A legal career is very people-focused, meaning that, as a lawyer, you will need to be able to communicate effectively with people from all walks of life, and be able to create connections with those around you. But although this might come more naturally to some than to others, there Is still a reasonable amount of skill involved in forging relationships. In professional circumstances, this skill is called networking.

What Is Networking?

Networking is particularly relevant to the world of law – not only because of the aforementioned desirability for people skills in this profession, but also because lawyers are expected to collaborate with each other. After all, there is not a single lawyer who is a specialist in all areas of the law; help Is often needed – and when you have the right connections, it is much more accessible. But how does networking actually work?

Networking involves making new professional connections – be it virtually or in-person. You could network with a goal in mind. For instance, if you are a newly-qualified lawyer looking for a job, you might try to network with someone who might be able to refer you. Otherwise, you can also network in order to get your name out there, and to gain contacts in the field. Moreover, polishing your people skills is always a great thing to do, and the more you make yourself known to law firms and peers, the more likely you are to hear back from them in case any new opportunities crop up!

Not sure what skills you need to develop as a lawyer? Check out the most important abilities you should cultivate here.

Where Should You Network?

Networking is primarily done at events such as law fairs or career fairs, as well as during any networking sessions that your university or company might set up. However, that does not mean that you could not network in other situations if you wanted to.

For instance, you might be going to a social event you know a lawyer will be attending. In this case, you could ask someone who knows them if they would be happy to talk to you for a bit. Of course, there are times and places where networking is not appropriate – but if it feels right, you should go ahead and network when you get the chance!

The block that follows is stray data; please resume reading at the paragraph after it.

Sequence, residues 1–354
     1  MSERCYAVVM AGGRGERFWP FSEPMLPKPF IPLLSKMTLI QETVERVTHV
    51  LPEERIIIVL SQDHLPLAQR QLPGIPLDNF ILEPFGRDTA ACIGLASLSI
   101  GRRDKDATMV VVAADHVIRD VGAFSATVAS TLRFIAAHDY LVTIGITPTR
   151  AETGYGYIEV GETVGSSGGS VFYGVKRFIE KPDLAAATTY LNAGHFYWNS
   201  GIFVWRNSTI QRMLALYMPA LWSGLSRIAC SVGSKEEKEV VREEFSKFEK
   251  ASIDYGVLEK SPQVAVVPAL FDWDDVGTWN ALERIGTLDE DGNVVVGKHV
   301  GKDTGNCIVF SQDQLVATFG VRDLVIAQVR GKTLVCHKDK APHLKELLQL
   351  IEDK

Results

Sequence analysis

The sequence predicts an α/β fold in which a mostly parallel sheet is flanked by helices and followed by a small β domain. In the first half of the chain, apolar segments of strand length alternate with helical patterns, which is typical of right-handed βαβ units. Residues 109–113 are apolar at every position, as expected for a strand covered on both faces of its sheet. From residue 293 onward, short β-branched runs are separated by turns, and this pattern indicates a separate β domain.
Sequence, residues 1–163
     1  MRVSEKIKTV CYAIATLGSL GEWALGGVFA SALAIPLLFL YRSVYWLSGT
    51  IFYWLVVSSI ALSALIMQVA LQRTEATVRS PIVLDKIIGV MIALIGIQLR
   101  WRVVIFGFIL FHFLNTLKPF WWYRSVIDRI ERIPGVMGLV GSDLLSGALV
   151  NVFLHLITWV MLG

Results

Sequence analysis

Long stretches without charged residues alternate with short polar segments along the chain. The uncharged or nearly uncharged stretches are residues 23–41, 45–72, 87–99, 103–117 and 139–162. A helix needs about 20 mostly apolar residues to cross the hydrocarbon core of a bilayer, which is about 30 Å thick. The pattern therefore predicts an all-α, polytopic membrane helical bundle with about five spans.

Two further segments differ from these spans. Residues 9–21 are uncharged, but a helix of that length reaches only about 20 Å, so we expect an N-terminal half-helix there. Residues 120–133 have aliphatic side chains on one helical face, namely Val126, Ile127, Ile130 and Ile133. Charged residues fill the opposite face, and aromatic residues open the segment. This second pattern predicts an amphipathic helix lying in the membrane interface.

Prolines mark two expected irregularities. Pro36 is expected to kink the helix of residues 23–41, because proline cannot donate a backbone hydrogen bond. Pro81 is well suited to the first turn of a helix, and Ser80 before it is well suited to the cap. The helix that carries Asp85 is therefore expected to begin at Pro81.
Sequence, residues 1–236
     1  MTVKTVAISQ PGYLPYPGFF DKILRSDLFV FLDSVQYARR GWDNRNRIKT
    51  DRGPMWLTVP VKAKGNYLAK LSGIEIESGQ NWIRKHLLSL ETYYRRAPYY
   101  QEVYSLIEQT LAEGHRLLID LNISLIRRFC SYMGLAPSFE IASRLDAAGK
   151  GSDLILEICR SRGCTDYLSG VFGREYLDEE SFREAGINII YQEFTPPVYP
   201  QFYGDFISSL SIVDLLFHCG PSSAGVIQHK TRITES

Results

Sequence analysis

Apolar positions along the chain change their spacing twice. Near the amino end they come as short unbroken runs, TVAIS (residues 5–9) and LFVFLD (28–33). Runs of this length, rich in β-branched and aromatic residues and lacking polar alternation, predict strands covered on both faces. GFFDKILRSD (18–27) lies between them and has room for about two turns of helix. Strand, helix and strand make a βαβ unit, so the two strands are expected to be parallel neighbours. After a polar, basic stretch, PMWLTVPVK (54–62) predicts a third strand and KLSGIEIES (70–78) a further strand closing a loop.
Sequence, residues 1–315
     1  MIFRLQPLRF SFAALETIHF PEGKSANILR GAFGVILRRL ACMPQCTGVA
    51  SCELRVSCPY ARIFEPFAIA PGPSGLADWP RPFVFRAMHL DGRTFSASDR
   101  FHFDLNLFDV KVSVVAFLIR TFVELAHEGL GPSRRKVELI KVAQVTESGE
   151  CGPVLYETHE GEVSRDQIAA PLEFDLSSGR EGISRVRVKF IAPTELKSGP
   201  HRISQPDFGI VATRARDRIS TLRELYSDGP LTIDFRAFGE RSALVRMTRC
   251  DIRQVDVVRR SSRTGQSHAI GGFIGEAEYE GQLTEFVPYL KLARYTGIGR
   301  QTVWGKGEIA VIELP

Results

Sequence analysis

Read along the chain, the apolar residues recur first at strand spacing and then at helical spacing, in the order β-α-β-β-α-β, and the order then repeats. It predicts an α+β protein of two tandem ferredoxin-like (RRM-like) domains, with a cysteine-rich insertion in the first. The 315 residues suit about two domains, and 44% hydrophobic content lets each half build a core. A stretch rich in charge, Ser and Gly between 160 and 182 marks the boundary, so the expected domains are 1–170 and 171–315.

If you know you’ll be attending a law or career fair, the first step should be to research who else will be attending. Check whether any specific firms have been advertised, and whether there will be any speakers. Based on this, you can research specific questions you might want to ask. In the case of law firms, you might want to know more about their culture or training contracts – or even about their current job openings. If you have the chance to network with one of the speakers at a conference, ask them about their own career journeys and whether they have any advice for those just starting out.

Take your time to talk to some of your peers as well – is there anyone who seemed interested in the same firms as you? Even if that is not the case, there is no harm in simply introducing yourself to a stranger – chances are you will have sone things in common, and they are likely trying to network, too!

Networking does not need to necessarily be in person, either. LinkedIn is a fantastic platform for networking – look for people doing the same degree as you, or who have undergone the same internship. You can also join age and career-specific groups on LinkedIn aimed at sharing opportunities and advice. Discussion groups are also popular on other social media platforms, such as Twitter and Facebook – have a look and join what interests you.